Currency price movements have been very challenging in the past few months with wider than usual ranges. A sure sign of increased uncertainty are large wicks or tails in the candlesticks. (See “Yen's bumpy ride”). In these conditions, even the best traders can get caught by surprise with the price action moving against them. The result can be disastrous. If the trader left on a very wide stop loss, the resulting drawdown on a position often can wipe away days of trading if stopped out or cause the account to drawdown, making it difficult to put on any new trades. When caught in this scenario, the trader is hoping for a reversion to the anticipated direction that prompted the trade. Strong trading strategies, whether technical or fundamental, should not depend on hope, though.
The combination of tactics for successful recovery of an account centers on position size. Consider your average $10,000 account. Putting on a $100,000 position, moving at $10 per pip on most currency pairs (fixed at $10 per 100,000 units on EUR/USD, GBP/USD, AUD/USD, USD/CAD, NZD/USD) means that a 100 pip drawdown results in a $1,000 loss, or 10% of equity. That is for one trade. The case can be made that a 100 pip stop is too tight. Currency price movements need room to move and this means stops need to allow for wide movements. For example, a popular tactic is placing a stop at the previous day’s high or low. This approach seems reasonable but the problem is that it simply takes on much greater risk without regard to why the currency pair went the opposite direction than anticipated. Also, day ranges between highs and lows can be hundreds of pips. In the face of these drawdowns, the trader needs to shape a better recovery strategy. Hoping that the price will revert back is not sensible. In currencies, reversion to the mean is not automatic and currency pairs move in response to shifts in sentiment or surprises in economic data releases. Often the releases create significant short-term moves with the currency pair then resuming its previous direction.
Detecting why an anticipated move did not work out is key to shaping a recovery strategy. The USD/JPY and the AUD/USD provide examples on the importance of attention to fundamentals.
First, let's consider the recent USD/JPY moves. In late August it hit 15-year highs against the dollar. This led to increased chatter about Bank of Japan intervention to weaken the currency to stimulate export growth. Technically and fundamentally the price action justified a bounce. Yet, going long the USD/JPY still confronts the trader with the challenge of handling intraday drawdowns while hoping and anticipating a weakening of the yen. The USD/JPY pair was quite challenging and we can see that 100 pip extremes occurred within hours, inviting being stopped out even at 100 pip stop losses. This shows the conundrum facing the trader. Do you widen a stop and let the position swing further?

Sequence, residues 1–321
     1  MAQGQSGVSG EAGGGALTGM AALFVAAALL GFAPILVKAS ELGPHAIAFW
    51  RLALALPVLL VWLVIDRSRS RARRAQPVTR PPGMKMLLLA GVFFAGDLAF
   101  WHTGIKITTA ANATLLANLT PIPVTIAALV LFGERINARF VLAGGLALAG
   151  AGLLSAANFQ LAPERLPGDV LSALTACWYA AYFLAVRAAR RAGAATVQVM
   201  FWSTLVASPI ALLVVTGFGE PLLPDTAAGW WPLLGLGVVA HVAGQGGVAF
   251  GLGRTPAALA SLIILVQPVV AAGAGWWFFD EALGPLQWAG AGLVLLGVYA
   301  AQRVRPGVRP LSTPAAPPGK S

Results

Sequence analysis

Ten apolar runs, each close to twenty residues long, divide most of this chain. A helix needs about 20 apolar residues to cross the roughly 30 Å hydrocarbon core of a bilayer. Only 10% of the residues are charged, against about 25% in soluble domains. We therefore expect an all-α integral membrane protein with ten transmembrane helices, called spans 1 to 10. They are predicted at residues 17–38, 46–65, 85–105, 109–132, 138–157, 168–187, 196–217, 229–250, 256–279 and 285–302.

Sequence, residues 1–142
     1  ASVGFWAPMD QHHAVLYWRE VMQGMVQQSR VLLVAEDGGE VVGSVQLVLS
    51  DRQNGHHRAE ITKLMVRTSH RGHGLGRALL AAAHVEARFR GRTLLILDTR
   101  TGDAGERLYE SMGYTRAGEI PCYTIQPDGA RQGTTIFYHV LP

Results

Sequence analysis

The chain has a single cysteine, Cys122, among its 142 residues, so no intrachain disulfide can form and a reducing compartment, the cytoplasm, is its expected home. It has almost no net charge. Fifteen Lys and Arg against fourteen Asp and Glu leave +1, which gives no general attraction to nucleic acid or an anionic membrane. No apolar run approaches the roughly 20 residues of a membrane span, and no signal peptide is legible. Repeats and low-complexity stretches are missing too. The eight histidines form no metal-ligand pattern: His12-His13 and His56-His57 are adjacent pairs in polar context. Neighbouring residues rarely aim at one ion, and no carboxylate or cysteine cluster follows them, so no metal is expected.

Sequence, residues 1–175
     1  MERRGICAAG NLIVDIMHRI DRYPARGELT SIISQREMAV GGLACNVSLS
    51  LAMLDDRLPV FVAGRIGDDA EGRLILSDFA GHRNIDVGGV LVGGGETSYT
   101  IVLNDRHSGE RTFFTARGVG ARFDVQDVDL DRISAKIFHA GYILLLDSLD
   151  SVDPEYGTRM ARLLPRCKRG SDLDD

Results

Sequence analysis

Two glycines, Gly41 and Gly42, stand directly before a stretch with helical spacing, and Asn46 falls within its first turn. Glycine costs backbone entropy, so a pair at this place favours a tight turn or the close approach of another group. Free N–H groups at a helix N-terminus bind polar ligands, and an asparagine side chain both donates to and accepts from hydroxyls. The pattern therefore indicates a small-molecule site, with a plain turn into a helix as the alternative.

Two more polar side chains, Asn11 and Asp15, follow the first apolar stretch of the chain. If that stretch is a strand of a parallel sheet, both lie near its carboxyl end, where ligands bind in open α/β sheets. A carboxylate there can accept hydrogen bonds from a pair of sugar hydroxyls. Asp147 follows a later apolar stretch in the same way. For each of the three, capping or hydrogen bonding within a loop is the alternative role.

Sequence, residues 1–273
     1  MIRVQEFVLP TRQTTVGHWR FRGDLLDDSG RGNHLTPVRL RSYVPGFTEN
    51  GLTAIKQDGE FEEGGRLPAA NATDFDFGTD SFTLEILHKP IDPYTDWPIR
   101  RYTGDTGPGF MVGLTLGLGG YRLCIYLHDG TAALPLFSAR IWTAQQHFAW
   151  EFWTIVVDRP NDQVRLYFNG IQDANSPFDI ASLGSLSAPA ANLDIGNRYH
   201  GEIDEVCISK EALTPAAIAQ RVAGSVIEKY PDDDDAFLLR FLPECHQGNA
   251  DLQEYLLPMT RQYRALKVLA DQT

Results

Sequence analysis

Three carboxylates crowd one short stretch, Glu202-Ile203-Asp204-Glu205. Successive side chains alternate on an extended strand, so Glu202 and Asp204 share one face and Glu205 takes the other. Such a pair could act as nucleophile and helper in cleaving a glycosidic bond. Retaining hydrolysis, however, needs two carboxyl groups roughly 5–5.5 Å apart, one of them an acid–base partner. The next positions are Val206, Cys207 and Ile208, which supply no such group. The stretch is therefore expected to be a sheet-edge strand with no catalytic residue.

The case is strong for widening the stop because the fundamentals are strong. But tolerating wider stops needs to have with it a lower position size. By reducing the position size to $50,000 USD/JPY (five mini lots), instead of one standard size lot, a wider 200 pip stop loss does not increase the dollar drawdown potential of the trade.Though the smaller position reduces your profit potential, it keeps the possibility of recovery alive.
The AUD/USD movements offer a counter example and shows what can happen when fundamentals change and push the price to extremes -- it can keep going. AUD/USD had recently turned positive, reversing the August bearish trend. When a positive Australian GDP report came out on Sept. 1, the currency pair soared. It broke out and kept moving nearly 200 pips. Those hoping for a reversion to the mean were left with a lot of pain and a large drawdown. In this case, getting out of the way, even if a wider stop is not hit, is reasonable.
These examples demonstrate an often undervalued use of fundamental analysis in combination with trading tactics. Trading losses are expected even among the best traders, but when they occur due to ignoring fundamentals, the losses become unnecessarily large. Many experienced traders agree that the key to trading success is the ability to take losses. With every position you take, there needs to be a price level that defines failure. Sometimes volatile conditions dictate more room be given. But beyond that, it is wise to understand when and how fundamentals can change.
Abe Cofnas is the author of “Sentiment Indicators” (Bloomberg Press). He can be reached at firstname.lastname@example.org.
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